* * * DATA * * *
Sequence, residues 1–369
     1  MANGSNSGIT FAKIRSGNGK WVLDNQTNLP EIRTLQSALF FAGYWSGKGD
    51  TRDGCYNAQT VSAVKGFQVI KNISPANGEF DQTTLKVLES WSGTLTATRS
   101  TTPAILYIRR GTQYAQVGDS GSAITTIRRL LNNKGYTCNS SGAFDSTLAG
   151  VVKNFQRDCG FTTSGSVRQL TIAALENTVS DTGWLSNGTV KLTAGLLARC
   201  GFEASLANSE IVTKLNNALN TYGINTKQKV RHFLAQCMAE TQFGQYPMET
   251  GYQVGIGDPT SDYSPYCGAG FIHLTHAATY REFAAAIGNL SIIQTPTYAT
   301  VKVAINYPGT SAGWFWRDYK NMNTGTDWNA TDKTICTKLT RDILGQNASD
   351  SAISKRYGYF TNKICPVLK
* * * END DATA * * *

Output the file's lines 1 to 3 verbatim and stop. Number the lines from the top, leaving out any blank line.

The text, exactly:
Sequence, residues 1–369
     1  MANGSNSGIT FAKIRSGNGK WVLDNQTNLP EIRTLQSALF FAGYWSGKGD
    51  TRDGCYNAQT VSAVKGFQVI KNISPANGEF DQTTLKVLES WSGTLTATRS